Who Dat Say Who Dat?
January 29, 2010
Any unauthorized use of the Saints colors and other [marks] designed to create the illusion of an affiliation with the Saints is equally a violation of the Saints trademark rights because it allows a third party to ‘free ride’ by profiting from confusion of the team’s fans, who want to show support for the Saints.
NFL spokesman Dan Masonson
If ‘who dat’ is used in a manner to refer to Saints football, then the Saints own the rights.
NFL spokesman Brian McCarthy
The basic idea of trademark as it developed in the common law is that someone cannot use the mark of another if it is confusingly similar to the mark of that other party. Now as I noted in the linked pieces above, the primary right should be the right of the consumer, not the trademark holder, and it should be more explicitly anchored in the notion of fraud–but you can see that the idea of “confusingly similar” is more or less related to the idea of fraud: if the competitor’s mark is so similar that it will confuse the consumer, it’s arguable the competitor is defrauding the consumer. But this has nothing to do with “dilution.” It’s focused on misleading the consumer (note that a clearer focus on this, and making it clear that the consumer, not the trademark holder, is the plaintiff, would not prohibit knockoffs such as cheap Rolex watches or Louis Vuitton purses, since in these cases the consumer is not defrauded or misled at all).
Because it is already so anchored, there is no need for anyone – the NFL or the fans – to claim ownership¹. If someone wants to make a contract with the Saints organization or the NFL, then they might very well rely on certain contextual clues that they are doing so with the authentic Saints or the authentic NFL. One of these clues just might be the Saints colors, symbology, or slogans on the property to be sold in the contract. If the NFL wants to capture the “authenticity premium” then they should take steps to indicate it clearly on the product, taking away all contextual ambiguity. They don’t have a right to force other people to pay – directly or indirectly – for that cost of doing business. “Trademark” is not something you own but is piece of contextual evidence, built up through reputation and time, that the consumer can use to argue a case they might want to argue about fraud.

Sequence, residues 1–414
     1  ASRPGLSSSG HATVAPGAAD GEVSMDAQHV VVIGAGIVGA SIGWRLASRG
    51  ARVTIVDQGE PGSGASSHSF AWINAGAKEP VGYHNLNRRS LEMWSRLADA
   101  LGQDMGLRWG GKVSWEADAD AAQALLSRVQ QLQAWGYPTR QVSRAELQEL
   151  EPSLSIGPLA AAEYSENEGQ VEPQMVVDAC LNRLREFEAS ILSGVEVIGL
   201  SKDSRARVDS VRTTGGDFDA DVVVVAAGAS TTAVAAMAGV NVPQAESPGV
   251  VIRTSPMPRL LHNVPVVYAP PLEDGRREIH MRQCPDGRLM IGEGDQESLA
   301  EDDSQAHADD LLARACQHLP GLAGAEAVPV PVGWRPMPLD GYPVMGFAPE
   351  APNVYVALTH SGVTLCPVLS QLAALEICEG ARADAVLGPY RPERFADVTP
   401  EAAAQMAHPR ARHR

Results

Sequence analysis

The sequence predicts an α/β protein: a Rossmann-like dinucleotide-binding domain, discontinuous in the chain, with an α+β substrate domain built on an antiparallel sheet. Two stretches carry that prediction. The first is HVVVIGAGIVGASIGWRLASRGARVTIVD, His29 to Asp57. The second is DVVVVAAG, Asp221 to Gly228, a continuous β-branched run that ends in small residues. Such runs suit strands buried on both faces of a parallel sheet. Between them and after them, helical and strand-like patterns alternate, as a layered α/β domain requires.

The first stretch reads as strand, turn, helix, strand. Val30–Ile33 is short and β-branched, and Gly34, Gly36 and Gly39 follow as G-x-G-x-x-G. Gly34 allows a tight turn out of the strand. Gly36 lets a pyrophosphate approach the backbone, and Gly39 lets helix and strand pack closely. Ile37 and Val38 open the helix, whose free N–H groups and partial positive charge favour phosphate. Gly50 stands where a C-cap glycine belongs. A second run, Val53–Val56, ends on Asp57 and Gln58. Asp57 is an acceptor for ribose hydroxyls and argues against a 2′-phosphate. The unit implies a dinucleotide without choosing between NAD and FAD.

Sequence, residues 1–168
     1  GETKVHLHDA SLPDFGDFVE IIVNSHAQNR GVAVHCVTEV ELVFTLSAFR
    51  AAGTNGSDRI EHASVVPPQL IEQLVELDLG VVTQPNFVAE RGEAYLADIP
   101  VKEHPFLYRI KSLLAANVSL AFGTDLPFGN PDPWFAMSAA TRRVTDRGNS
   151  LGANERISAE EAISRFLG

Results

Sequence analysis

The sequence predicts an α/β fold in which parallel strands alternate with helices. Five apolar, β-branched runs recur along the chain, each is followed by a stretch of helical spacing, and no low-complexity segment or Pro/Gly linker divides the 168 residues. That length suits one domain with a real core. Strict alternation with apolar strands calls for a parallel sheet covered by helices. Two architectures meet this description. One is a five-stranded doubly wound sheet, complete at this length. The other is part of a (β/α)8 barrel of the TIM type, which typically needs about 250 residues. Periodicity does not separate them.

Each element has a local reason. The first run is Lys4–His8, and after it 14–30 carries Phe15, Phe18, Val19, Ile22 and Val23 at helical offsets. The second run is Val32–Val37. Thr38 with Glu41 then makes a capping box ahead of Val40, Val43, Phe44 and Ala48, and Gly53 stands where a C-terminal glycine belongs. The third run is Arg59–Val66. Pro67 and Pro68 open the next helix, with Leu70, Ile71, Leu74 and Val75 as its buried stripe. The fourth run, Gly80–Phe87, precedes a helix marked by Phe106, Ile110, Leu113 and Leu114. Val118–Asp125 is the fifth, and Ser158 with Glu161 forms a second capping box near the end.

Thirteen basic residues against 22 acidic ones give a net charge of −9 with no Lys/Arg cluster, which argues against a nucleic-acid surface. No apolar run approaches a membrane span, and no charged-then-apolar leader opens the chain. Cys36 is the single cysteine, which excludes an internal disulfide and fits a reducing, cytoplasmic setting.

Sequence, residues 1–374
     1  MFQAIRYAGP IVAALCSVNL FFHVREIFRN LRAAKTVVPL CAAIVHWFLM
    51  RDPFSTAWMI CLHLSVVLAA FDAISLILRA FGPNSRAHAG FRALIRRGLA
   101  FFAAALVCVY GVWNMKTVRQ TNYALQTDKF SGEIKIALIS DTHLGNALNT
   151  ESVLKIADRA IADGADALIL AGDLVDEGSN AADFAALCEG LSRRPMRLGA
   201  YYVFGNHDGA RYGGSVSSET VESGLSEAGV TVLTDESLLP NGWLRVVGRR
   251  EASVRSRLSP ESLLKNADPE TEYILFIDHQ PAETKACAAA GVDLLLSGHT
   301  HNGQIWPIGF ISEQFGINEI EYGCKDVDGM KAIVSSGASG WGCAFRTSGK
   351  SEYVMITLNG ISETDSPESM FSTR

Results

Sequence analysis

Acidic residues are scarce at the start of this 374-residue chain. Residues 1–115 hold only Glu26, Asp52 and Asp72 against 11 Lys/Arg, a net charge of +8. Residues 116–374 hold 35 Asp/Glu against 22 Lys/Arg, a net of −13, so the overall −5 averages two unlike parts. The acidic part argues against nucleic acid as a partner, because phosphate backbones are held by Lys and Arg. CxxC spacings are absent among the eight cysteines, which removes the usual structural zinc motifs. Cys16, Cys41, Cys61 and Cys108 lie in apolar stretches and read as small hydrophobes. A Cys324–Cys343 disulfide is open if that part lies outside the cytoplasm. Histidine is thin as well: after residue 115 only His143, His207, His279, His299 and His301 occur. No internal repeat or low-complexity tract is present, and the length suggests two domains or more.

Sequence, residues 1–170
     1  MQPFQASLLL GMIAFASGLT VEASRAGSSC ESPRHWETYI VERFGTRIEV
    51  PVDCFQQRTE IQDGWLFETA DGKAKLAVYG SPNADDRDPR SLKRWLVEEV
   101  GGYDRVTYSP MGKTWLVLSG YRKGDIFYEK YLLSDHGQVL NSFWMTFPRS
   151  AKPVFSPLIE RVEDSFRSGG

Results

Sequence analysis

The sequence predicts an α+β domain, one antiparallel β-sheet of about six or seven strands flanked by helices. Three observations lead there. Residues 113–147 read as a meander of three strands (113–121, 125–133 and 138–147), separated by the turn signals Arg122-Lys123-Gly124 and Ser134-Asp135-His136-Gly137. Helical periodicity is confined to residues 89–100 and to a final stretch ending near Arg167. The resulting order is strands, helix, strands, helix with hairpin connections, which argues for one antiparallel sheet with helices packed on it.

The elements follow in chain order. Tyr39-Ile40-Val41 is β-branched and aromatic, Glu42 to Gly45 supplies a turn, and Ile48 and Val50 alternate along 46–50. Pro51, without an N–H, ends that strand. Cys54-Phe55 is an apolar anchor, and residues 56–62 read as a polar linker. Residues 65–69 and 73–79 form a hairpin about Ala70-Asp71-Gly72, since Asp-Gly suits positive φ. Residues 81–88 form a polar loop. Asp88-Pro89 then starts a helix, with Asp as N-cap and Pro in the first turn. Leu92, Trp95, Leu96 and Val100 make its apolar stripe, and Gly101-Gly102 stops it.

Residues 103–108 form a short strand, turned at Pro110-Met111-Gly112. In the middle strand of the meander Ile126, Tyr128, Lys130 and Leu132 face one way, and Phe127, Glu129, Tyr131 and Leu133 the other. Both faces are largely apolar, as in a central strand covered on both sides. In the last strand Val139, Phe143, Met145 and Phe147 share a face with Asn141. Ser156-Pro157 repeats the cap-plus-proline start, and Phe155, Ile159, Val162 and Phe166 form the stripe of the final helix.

As for the fans, once the above is clear, ownership is not needed to produce fan art or merchandise; you are free to be creative. Again, those producers simply have to take into account the risk that a customer will bring a fraud case against them if and when it mattered to the customer if the Saints or the NFL produced the item. That is also a cost of business (e.g. clearly marking the items as “unofficial”) that it is up to them accept or not.
If Masonson is really concerned about confused fans, then he can take his quote and drop it into the mission statement of a consumer advocacy and education organization. But he has no grounds (other than unjust IP law, of course) to wield those concerns as a method of inserting the party he represents into a contract negotiation between other people. And besides being insulting and disgustingly paternalistic towards consumers, it implicitly assumes that fraud is the only mode of operation by third-party producers. It may well be common (e.g. in the case of high value luxury items like watches), but certainly not in all cases; and, again, we already have something in the “natural law” for that: fraud law. Who dat people gonna need IP?
¹ Though it is not really a matter of need. You simply cannot justly own phrases in a coherent system of property. Nevertheless, even if it were just, it is intuitively clear that the insertion of trademark enforcement in this context is doing a great deal of unnecessary harm to cooperative and peaceful society; but that’s to be expected.